Disney's first-quarter revenue rises

Company's success due mostly to TV unit performance

Disney made it a trifecta, reporting better-than-expected quarterly financial results after News Corp. and Time Warner did similarly in recent days.

While cost-cutting at the film studio and good domestic home entertainment numbers helped, Disney owes its success mostly to television, a unit that CEO Bob Iger would like to wring more cash out of by way of ABC retransmission fees.

"It clearly would not be our preference to see that our signal was taken down and we'll do whatever we possibly can through negotiation to avoid that," he told analysts during a conference call Tuesday.

Jay Rasulo, on the call in his new role as CFO, singled out "Criminal Minds" as an overperformer for ABC, while Iger boasted of the Wednesday programming block of "The Middle," "Modern Family" and "Cougar Town."

Rasulo boasted that so far in the quarter the scatter market is 30% above upfront levels for ABC.

Iger also gave a shout-out to the iPad, the new product from Apple, run by Disney board member and top shareholder Steve Jobs. The tablet computing device that resembles a giant iPod Touch "could be a game changer in terms of enabling us to essentially create new forms of content," he said.

Disney, of course, is revamping its film studio under Rich Ross, and Iger promised it would emerge a more efficient machine after tinkering with the timing, pricing, marketing and distribution of its films. He said the quality of output will be noticed in 2011.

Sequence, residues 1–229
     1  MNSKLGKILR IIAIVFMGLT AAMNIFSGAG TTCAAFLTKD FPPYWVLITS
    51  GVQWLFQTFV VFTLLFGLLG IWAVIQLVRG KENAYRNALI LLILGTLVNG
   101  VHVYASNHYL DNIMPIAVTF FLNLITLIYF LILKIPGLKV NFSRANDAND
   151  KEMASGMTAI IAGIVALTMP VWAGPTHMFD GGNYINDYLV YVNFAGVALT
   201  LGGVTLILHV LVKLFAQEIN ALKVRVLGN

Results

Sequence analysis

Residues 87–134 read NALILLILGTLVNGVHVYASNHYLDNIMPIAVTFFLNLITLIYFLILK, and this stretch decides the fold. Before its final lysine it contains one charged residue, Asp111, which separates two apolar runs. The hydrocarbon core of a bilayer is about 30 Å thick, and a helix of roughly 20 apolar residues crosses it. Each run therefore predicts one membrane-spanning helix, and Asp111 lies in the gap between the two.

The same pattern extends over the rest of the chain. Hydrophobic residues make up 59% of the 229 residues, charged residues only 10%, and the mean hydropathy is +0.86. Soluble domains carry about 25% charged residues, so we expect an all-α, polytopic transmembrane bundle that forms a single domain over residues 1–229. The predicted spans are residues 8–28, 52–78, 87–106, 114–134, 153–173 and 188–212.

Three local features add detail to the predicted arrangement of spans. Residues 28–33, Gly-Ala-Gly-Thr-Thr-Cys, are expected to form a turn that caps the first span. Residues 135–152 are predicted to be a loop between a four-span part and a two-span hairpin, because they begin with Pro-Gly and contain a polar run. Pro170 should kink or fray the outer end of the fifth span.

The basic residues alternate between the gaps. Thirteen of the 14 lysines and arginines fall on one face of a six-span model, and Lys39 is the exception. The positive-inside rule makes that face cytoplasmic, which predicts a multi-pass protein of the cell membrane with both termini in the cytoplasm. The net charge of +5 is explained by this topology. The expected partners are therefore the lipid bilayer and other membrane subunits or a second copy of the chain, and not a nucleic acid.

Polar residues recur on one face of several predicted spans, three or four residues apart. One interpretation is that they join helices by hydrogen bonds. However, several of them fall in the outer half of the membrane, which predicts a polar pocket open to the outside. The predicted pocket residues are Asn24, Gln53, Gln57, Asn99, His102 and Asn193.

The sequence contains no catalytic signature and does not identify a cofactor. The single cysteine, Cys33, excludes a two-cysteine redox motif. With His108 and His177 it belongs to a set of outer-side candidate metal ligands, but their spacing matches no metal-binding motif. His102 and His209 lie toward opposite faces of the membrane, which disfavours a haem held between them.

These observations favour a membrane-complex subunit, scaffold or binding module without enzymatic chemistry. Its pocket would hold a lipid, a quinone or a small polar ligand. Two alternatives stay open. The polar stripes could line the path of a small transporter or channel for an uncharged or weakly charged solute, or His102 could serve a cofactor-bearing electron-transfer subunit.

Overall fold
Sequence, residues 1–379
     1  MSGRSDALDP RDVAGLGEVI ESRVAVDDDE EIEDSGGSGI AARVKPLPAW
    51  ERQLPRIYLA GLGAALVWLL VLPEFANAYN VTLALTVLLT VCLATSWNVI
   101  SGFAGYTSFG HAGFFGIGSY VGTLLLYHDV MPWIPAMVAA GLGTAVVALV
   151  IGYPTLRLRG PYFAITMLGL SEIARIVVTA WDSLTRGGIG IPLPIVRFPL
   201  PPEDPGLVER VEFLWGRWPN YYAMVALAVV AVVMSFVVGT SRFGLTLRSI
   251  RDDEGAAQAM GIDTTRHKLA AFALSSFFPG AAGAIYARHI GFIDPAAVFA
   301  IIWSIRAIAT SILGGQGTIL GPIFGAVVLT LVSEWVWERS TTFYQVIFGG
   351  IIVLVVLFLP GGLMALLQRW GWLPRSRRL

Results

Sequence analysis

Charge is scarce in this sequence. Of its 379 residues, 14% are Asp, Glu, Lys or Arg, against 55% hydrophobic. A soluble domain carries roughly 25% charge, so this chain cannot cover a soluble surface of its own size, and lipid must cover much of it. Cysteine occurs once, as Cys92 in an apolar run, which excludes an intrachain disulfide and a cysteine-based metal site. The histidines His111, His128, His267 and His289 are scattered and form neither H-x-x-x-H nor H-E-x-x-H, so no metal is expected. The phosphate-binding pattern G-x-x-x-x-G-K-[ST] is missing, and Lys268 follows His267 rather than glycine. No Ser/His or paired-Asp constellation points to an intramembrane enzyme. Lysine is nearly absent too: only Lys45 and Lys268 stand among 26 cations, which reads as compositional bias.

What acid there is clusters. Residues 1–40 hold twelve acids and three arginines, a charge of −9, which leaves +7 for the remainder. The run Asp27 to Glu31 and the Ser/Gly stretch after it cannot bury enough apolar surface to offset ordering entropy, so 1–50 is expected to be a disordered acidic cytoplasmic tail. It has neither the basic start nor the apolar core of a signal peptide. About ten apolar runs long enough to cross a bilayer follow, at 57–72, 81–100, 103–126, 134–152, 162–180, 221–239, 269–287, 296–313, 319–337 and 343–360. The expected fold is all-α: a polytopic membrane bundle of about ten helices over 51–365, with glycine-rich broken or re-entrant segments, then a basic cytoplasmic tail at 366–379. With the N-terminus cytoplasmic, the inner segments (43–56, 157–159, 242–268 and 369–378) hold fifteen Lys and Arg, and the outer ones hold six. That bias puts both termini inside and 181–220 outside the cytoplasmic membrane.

The notable titles this year, according to Iger, include "Alice in Wonderland," "Prince of Persia: The Sands of Time," "The Sorcerer's Apprentice," "Iron Man 2" from its new Marvel acquisition and "Tron Legacy."

Iger also confirmed the company is looking to sell Miramax, saying that making movies under that label "isn't a core strategy of ours."

Overall, Disney's net income in the fiscal first quarter ending Jan. 2 was $844 million, $1 million less than a year ago. Revenue rose 1% to $9.74 billion.

The media networks division led all others, as per usual, with a 7% increase in revenue to $4.18 billion and an 11% increase in operating income to $724 million.

Studio entertainment revenue fell 1% to $1.94 billion and operating income surged 30% to $243 million.

Parks and resorts revenue was flat at $2.66 billion and operating income was off 2% to $375 million.

Consumer products revenue dropped 3% to $746 million and operating income was off 8% to $243 million.

Interactive media revenue fell 29% to $221 million and operating income improved 78% to minus $10 million.

While home entertainment performed well for the studio due to lower distribution costs and marketing expenses, Iger cautioned of "continued pressure" owed to the economy, piracy and competition for the time of consumers.